Taliglucerase alfa (Protalix Biotherapeutics, Carmiel, Israel) is a novel plant cell-derived recombinant human β-glucocerebrosidase for Gaucher disease. A phase 3, double-blind, randomized, parallelgroup, comparison-dose (30 vs 60 U/kg body weight/infusion) multinational clinical trial was undertaken. Institutional review board approvals were received. A 9-month, 20-infusion trial used inclusion/exclusion criteria in treatmentnaive adult patients with splenomegaly and thrombocytopenia. Safety end points were drug-related adverse events: Ab formation and hypersensitivity reactions. Primary efficacy end point was reduction in splenic volume measured by magnetic resonance imaging. Secondary end points were: changes in hemoglobin, hepatic volume, and platelet counts. Exploratory parameters included biomarkers and bone imaging. Twenty-nine patients (11 centers) completed the protocol. There were no serious adverse events; drug-related adverse events were mild/moderate and transient. Two patients (6%) developed non-neutralizing IgG Abs; 2 other patients (6%) developed hypersensitivity reactions. Statistically significant spleen reductionwas achieved at 9 months: 26.9% (95% confidence interval [CI]: -31.9, -21.8) in the 30-unit dose group and 38.0% (95% CI: -43.4, -32.8) in the 60-unit dose group (both P < .0001); and in all secondary efficacy end point measures, except platelet counts at the lower dose. These results support safety and efficacy of taliglucerase alfa for Gaucher disease. This study was registered at www. clinicaltrials.gov as NCT00376168. © 2011 by The American Society of Hematology.
Pastores G.M.,New York University |
Petakov M.,University of Belgrade |
Petakov M.,Institute of Endocrinology |
Giraldo P.,Hospital Universitario Miguel Servet |
And 9 more authors.
Blood Cells, Molecules, and Diseases | Year: 2014
Taliglucerase alfa is a β-glucosidase enzyme replacement therapy (ERT) approved in the US and other countries for the treatment of Gaucher disease (GD) in adults and is approved in pediatric and adult patients in Australia and Canada. It is the first approved plant cell-expressed recombinant human protein. A Phase 3, multicenter, open-label, 9-month study assessed safety and efficacy of switching to taliglucerase alfa in adult and pediatric patients with GD treated with imiglucerase for at least the previous 2. years. Patients with stable disease were offered taliglucerase alfa treatment using the same dose (9-60. U/kg body weight) and regimen of administration (every 2. weeks) as imiglucerase. This report summarizes results from 26 adult and 5 pediatric patients who participated in the trial. Disease parameters (spleen and liver volumes, hemoglobin concentration, platelet count, and biomarker levels) remained stable through 9. months of treatment in adults and children following the switch from imiglucerase. All treatment-related adverse events were mild or moderate in severity and transient in nature. Exploratory parameters of linear growth and development showed positive outcomes in pediatric patients. These findings provide evidence of the efficacy and safety profile of taliglucerase alfa as an ERT for GD in patients previously treated with imiglucerase. This trial was registered at www.clinicaltrials.gov as # NCT00712348. © 2014 Elsevier Inc.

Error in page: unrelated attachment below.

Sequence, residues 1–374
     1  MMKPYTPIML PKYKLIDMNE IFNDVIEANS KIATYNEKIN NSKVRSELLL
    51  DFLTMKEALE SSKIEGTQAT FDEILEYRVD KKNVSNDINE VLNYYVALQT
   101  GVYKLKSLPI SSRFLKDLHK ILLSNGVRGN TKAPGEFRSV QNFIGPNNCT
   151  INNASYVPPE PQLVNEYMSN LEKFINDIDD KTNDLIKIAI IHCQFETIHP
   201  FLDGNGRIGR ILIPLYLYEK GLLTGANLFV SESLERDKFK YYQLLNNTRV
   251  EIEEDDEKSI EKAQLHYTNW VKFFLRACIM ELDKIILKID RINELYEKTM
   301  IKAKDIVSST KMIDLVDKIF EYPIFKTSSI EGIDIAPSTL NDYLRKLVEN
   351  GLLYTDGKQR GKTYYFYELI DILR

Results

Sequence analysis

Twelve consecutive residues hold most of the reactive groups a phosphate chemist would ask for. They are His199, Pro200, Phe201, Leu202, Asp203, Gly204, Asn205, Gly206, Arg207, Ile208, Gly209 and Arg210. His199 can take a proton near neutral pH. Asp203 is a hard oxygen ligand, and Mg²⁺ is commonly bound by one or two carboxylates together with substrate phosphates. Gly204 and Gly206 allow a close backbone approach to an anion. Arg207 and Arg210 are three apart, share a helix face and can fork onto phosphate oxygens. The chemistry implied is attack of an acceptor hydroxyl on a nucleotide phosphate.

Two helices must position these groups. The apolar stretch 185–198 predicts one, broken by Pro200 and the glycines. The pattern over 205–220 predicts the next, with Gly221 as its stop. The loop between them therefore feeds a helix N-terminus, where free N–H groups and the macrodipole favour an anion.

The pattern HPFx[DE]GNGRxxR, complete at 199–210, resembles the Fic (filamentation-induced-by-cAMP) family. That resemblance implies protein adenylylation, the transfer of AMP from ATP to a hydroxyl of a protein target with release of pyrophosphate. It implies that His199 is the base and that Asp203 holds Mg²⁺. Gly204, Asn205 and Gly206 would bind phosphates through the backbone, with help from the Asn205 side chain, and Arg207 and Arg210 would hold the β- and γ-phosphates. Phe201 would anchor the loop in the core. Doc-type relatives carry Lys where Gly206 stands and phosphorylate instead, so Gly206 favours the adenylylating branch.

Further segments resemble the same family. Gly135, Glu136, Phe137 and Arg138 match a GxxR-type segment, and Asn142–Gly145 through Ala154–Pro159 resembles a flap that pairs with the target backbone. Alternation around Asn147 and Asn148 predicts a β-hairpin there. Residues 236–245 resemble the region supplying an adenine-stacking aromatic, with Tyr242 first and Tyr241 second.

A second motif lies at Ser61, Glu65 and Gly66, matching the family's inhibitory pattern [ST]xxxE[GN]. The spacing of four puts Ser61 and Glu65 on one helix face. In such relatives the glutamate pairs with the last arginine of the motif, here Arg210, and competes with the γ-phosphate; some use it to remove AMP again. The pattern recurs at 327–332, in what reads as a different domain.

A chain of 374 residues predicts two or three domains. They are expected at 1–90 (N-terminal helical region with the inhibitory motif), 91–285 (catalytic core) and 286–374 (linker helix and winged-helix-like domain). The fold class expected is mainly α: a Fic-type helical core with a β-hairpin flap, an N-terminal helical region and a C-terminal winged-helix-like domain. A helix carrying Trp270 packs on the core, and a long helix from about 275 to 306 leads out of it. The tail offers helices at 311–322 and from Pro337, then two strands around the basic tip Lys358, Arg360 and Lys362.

PubMed | University of Witwatersrand, Hebrew University of Jerusalem, KK Womens and Childrens Hospital, Hospital Universitario Miguel Servet and 3 more.
Type: | Journal: Blood cells, molecules & diseases | Year: 2016
Taliglucerase alfa is an enzyme replacement therapy approved for treatment of Gaucher disease (GD) in children and adults in several countries. This multicenter extension study assessed the efficacy and safety of taliglucerase alfa in pediatric patients with GD who were treatment-nave (n=10) or switched from imiglucerase (n=5). Patients received taliglucerase alfa 30 or 60U/kg (treatment-nave) or the same dose as previously treated with imiglucerase every other week. In treatment-nave patients, taliglucerase alfa 30 and 60U/kg, respectively, reduced mean spleen volume (-18.6 multiples of normal [MN] and -26.0MN), liver volume (-0.8MN and -0.9MN), and chitotriosidase activity (-72.7% and -84.4%), and increased mean Hb concentration (+2.0g/dL and +2.3g/dL) and mean platelet count (+38,200/mm
PubMed | Royal Melbourne Hospital, Emory University, Hospital Universitario Miguel Servet, National University of Ireland and 5 more.
Type: Journal Article | Journal: American journal of hematology | Year: 2016